We had asbestos tile on the floor downstairs (both in the big room and our bedroom)
If you’re careful, asbestos is okay to encapsulate (if we put another floor on top of it), but for 2 reasons we decided that before we moved in we wanted it abated.
The first: we were getting a new furnace for heat and the old ducting was asbestos ducting, so it needed to be removed. For our bedroom having asbestos tile under the carpet wasn’t a huge deal because carpet would be going in, but we didn’t like having asbestos tile in the big room because even though we’ll eventually put in a different floor, we aren’t at that point yet and so we don’t want to be walking on or having Merritt crawling on loose asbestos tiles. So when we had the company quote us for the ducting, we also had them quote us for the flooring. I’m willing to DIY a lot of stuff, but this isn’t something you really want to DIY unless you really know what you’re doing. Our agent told us that we could expect to spend about $1500 to have the ducting removed, so when they quoted us $3500 for everything we opted to go for it. Better to get it all done now.
We thought it was just going to take 2 days, but it actually took them 4. It was annoying that things took longer because it pushed back the furnace replacement (no one could be inside working while they were here). Apparently this week is Asbestos Awareness week, and like I said Monday I would be posting something about that today. The Mesothelioma and Asbestos Awareness Center and I teamed up to spread awareness about how dangerous asbestos can be. 99% of the time I turn down these requests, but this felt really relevant, and, well asbestos and cancer sucks. So I thought I would give them some (uncompensated) love and accepted
I didn’t get any money, no specific plug or endorsement asked for, I just wanted to help educate people about some of the dangers of asbestos. It’s definitely important to remediate it right.
Okay, moving on.
So it took 4 days to clear it out and sadly the cleaning left a really oily residue on the floors. Luckily CBH and his girlfriend were over a DAY BEFORE the move to help us clean it up 🙂
It involved pouring A LOT of cleaner all over the floor and then scrubbing the shit out of it. It wasn’t fun, so we are thankful for their hard work.
The residue that was left was from a product they used to help remove the glue from the tiles. It was especially difficult to get the glue off in the big room, so this room was especially oily. And our plan is to live with the concrete floors for a while and in order for us to have painted them to seal them the concrete really needed to be cleaned well. Once they were all clean and the furnace had been replaced (they uses this room as a staging area for their materials) we were able to paint it.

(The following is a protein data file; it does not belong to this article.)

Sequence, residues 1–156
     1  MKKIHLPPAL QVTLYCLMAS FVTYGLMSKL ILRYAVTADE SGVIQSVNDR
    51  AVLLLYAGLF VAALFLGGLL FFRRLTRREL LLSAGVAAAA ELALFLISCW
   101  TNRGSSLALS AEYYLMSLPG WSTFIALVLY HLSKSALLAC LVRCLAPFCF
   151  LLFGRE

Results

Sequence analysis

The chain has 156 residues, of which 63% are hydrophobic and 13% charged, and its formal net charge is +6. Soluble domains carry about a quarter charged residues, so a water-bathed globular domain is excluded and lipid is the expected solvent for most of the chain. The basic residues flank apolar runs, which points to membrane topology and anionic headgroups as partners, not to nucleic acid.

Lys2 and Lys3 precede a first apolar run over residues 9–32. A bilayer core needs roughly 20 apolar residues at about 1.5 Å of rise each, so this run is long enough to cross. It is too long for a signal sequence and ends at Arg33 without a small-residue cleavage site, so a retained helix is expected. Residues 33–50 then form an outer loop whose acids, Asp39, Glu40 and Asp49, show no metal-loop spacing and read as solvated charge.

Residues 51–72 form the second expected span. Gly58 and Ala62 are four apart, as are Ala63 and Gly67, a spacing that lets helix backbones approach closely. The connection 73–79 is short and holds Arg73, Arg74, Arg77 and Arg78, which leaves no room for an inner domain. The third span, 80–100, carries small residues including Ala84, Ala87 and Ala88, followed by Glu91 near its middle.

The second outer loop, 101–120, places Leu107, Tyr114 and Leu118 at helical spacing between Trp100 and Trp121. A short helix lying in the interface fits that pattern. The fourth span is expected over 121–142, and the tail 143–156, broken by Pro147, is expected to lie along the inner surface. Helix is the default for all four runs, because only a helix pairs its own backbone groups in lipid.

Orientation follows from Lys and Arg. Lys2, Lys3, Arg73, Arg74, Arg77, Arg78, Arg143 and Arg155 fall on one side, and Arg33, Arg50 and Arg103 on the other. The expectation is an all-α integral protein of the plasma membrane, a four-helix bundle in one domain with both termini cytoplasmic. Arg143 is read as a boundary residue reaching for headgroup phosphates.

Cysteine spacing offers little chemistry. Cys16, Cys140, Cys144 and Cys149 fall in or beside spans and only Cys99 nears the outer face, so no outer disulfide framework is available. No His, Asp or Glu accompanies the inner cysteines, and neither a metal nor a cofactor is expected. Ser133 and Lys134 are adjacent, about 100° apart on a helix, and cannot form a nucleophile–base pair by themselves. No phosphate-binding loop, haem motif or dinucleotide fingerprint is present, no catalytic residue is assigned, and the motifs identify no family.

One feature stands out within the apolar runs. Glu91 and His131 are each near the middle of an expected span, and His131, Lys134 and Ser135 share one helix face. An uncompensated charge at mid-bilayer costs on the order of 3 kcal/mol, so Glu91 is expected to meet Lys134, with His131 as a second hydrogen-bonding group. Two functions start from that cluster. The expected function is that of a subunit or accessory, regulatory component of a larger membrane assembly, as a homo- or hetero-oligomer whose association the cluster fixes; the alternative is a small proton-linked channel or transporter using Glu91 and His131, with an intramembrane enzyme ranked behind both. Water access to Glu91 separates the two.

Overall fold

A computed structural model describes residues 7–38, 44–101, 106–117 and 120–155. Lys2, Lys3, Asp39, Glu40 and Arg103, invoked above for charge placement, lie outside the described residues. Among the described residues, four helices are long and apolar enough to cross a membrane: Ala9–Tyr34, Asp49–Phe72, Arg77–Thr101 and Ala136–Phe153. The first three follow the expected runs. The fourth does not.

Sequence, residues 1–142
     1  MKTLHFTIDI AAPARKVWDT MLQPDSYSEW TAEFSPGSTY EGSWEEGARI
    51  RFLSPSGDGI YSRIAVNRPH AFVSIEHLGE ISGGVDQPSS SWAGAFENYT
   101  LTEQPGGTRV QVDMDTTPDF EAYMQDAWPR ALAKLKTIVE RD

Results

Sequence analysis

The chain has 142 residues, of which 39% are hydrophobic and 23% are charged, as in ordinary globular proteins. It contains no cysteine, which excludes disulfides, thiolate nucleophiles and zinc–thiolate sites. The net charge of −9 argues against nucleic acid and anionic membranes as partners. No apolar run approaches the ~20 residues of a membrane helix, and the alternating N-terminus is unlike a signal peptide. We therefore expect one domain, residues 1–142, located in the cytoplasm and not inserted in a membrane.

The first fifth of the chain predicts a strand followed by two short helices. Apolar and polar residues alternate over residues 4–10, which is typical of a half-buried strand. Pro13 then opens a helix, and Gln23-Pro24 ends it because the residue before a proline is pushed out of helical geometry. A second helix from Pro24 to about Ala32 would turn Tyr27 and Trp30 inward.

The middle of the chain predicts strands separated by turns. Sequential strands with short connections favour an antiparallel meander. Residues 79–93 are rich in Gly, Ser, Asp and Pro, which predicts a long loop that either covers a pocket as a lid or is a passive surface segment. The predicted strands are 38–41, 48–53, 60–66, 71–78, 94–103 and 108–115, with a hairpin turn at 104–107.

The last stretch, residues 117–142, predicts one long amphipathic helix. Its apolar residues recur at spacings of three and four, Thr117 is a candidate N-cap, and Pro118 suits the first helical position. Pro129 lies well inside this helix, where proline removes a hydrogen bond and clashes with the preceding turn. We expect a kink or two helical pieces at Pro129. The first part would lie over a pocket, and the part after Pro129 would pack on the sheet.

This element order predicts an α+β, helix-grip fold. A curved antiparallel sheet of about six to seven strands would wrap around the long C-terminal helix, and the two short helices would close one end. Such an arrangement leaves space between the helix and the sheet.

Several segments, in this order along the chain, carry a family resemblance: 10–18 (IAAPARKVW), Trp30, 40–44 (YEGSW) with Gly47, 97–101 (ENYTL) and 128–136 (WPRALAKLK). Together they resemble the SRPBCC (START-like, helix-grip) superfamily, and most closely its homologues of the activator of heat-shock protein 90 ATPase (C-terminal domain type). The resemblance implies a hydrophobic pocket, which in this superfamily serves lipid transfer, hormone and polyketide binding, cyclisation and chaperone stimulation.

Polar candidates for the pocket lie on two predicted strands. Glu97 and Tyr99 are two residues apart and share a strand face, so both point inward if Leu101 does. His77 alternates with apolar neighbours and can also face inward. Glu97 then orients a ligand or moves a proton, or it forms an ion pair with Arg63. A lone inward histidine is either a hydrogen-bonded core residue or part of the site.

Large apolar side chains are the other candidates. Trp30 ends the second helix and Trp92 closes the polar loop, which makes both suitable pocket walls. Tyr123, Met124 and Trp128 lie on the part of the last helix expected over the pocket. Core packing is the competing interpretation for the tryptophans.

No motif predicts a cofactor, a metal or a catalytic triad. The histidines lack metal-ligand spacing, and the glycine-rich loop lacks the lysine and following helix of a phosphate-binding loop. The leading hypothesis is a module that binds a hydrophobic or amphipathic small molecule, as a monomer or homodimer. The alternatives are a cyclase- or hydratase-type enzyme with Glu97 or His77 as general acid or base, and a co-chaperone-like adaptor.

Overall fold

We used a porch paint – just simple and cheap. The color we used was Benjamin Moore Flint. We had almost a gallon leftover from another job (the client didn’t want to keep it) and so it just cost us the price of another gallon. I like dark floors and this felt like a good, dark neutral.
Because we had to paint this after we moved in, we painted it in 2 shifts. We tried to have the movers put everything along one wall, but they didn’t really follow great directions, so we had to sort of corral everything together. Once things were together on one side we could work on the other side. So one night after the girls were asleep we got to work. Chris had done one more cleaning earlier that day and set up the fan to make sure it was allllll clean. So when they were asleep with the help of a fan we were able to get to painting. I did the cut-ins
And Chris did the field
That’s our general painting MO these days. It’s a strategy that works well for us. Chris is fast as fucking hell with a roller, and I like the meticulousness of the cut-ins, so we’re a good team.
We got 1/2 done the first night
Then a couple days later we moved everything over and did another cleaning. It was the weekend and Zoe was eager to help Chris out
And again, with the help of the fan we were able to get it painted that same night after the girls went to sleep. It took a while – almost 2 weeks – to go from asbestos tile to painted floors, but that’s how we got here
I got several comments (both on Facebook and email) a while ago when we first posted about the house about the floors in here. Many people suggested doing a skim coat or polishing the concrete and having that be the floor in here. I admit that I totally like that look and it is incredibly practical for the space (living area, office, utility), but man, concrete is HARD. That may sound ridiculous because DUH concrete is fucking hard, but it is HARD to stand on. I also have really bad knees (I had knee surgery from soccer when I was 19). I like comfy floors. And concrete starts to really hurt my feet, knees and hips after about 15 minutes. Yes, I’m a full on sissy. Who cares. But I DEFINITELY want this floor to be really comfy because we will be spending a lot of time down here in the decades to come. Of course, finishing the flooring in here won’t come for a while (months, or more likely years), but I think my front runner for the time being is cork. We’ll see if that sticks, but for now it seems like it serves all of my requirements: one floor throughout the space, comfy, utilitarian friendly, durable. We’ll see how things shake out when we actually lay flooring in here (like I said before, most like a couple years), but at least it’s nice to have the asbestos out for now.